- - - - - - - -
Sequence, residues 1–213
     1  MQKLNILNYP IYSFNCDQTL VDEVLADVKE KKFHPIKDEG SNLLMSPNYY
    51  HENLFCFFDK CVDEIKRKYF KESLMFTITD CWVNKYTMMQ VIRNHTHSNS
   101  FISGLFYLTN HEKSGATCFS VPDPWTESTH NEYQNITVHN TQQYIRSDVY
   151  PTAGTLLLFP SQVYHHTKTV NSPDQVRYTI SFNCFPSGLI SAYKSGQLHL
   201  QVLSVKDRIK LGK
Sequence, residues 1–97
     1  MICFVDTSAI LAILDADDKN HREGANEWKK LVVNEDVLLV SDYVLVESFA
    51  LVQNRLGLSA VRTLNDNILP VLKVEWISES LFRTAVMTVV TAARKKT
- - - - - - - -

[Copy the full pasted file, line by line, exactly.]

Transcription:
Sequence, residues 1–213
     1  MQKLNILNYP IYSFNCDQTL VDEVLADVKE KKFHPIKDEG SNLLMSPNYY
    51  HENLFCFFDK CVDEIKRKYF KESLMFTITD CWVNKYTMMQ VIRNHTHSNS
   101  FISGLFYLTN HEKSGATCFS VPDPWTESTH NEYQNITVHN TQQYIRSDVY
   151  PTAGTLLLFP SQVYHHTKTV NSPDQVRYTI SFNCFPSGLI SAYKSGQLHL
   201  QVLSVKDRIK LGK
Sequence, residues 1–97
     1  MICFVDTSAI LAILDADDKN HREGANEWKK LVVNEDVLLV SDYVLVESFA
    51  LVQNRLGLSA VRTLNDNILP VLKVEWISES LFRTAVMTVV TAARKKT